Preparing for the MCAT, which has a reputation of being long and grueling, can be a challenge without fully understanding its format. Fortunately, the length and structure of the MCAT is consistent, allowing one to better prepare for it with fewer surprises.
The MCAT’s total question-answering time is 6 hours and 15 minutes. The total time at the test center (often referred to as “seated time”) is 7 hours and 27 minutes.
This is the itinerary for test day (which begins around 8:00 am):
You may have noticed a pattern in the section formats: Chem/Phys, Bio/Biochem, and Psyc/Soc follow identical structures. These sections have clusters of two-three passages with corresponding questions, followed by three-four discrete questions. (Discrete questions are questions that do not relate to a passage and demand outside knowledge to answer.)
The structure of CARS is a little different, with five fewer minutes, six fewer questions, and one fewer passage (although CARS passages are generally longer than the other sections’ passages). Be sure to familiarize yourself with these differences and visualize how they will affect your test-taking strategy.
It’s an excellent idea to become familiar with the test day experience and to engage in best practices to reduce the possibility of things going wrong. A few days before test day, visit the test center to know exactly where it is, where to park, etc. On test day, be sure to arrive at the test center at least 30 minutes before the actual exam start time (which will likely be 8:00 am). You will be required to store your belongings in lockers and your cell phone in a specific type of sealed bag provided for you.
Different than the SAT or ACT, the MCAT begins at a different time for each test-taker. Before the test begins, test administrators check the identities of, scan the palms of, and use metal detectors on test-takers to mitigate any risk of cheating. After the inspection, an administrator leads a test-taker to an assigned computer to begin his/her MCAT. Test-takers will generally begin their MCATs between 7:45 and 8:15 am.
Because the MCAT is a computer-based test and the computer keeps track of time, the test-taker has the option to submit any section (including the agreements and breaks) early, creating the possibility to complete the test in less than 7 hours and 27 minutes. However, submitting a section early does NOT grant the test-taker extra break time; it just allows one to move on to the next section more quickly.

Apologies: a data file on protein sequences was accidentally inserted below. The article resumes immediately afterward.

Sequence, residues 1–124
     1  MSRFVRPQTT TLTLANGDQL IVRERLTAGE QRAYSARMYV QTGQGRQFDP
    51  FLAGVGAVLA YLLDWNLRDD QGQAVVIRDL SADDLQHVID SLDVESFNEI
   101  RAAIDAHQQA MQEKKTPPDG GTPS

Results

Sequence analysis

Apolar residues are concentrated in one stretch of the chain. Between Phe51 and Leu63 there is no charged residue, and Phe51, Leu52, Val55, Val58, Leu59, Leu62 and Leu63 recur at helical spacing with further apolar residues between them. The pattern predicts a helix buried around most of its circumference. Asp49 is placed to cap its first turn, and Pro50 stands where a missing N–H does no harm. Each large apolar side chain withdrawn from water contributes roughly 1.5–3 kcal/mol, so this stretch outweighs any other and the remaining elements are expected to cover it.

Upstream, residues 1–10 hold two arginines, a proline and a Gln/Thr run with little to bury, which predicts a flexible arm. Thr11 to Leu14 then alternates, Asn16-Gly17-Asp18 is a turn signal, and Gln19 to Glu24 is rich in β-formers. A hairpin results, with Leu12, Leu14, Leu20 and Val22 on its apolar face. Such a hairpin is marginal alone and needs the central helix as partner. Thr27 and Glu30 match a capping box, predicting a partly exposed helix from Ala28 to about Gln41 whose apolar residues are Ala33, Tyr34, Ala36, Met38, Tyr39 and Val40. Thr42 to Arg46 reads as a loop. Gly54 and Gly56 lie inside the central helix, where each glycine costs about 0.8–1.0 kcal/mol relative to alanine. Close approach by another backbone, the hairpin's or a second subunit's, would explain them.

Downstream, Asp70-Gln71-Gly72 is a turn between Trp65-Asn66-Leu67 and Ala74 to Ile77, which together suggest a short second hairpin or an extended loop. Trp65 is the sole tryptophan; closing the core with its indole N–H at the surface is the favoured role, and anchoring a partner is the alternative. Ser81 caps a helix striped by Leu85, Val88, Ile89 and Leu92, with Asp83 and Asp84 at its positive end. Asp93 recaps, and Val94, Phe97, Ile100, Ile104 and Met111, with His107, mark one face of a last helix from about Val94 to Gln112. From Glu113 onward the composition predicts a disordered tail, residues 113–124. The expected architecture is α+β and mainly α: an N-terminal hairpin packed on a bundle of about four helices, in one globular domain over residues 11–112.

Taking official AAMC practice tests allows many people to not need to complete the MCAT’s tutorial portion, as they arrive at the test center already familiar with how to navigate the MCAT’s interface. Practicing with these tests will also allows test-takers to familiarize themselves with the contents of the examinee agreement and void question, enabling test-takers to spend less time on these sections and have more energy where it counts—the test itself.
Understanding how long the MCAT is demands more than simply knowing how much time passes on the clock; you also need to know how long the MCAT feels. Taking a seven-plus hour test is incredibly taxing on even the best test-takers. The only real way to address this is by taking multiple practice tests and figuring out your own test-taking rhythm.
Ideally, you will take enough practice tests where the rhythm of the test feels like second nature—you know at what pace to read and how much time to spend on each question before moving on. (Generally, five to seven full-length practice tests will be enough to achieve this.) Taking the official MCAT prematurely means that you likely have not taken enough practice tests to fully feel comfortable—and therefore confident—confronting the mentally (and physically) demanding nature of the MCAT.
It is ideal to take practice tests in one sitting, starting at 8:00 am, simulating test conditions as much as possible. Restricting food consumption and bathroom use only during allocated breaks allows you to time familiarize yourself with how you eat, drink, and use the restroom. Then, you can make necessary adjustments to minimize the negative impact your hungry stomach or overextended bladder has on your test performance. Also, sitting and looking at a computer screen for six or more hours during a short window of time is uncomfortable for most, so practicing doing so will help you improve your comfort with this less-than-ideal set-up.
Yes, the MCAT is very long, intensive, and grueling. However, you do not have the ability to change the length of the MCAT. What you do have control over is how you prepare. This article allowed you to learn how long the MCAT is, how it is formatted, and how to best prepare for its high mental and physical demands. With this knowledge, you can better prepare for the MCAT and set a better trajectory to earn your best score.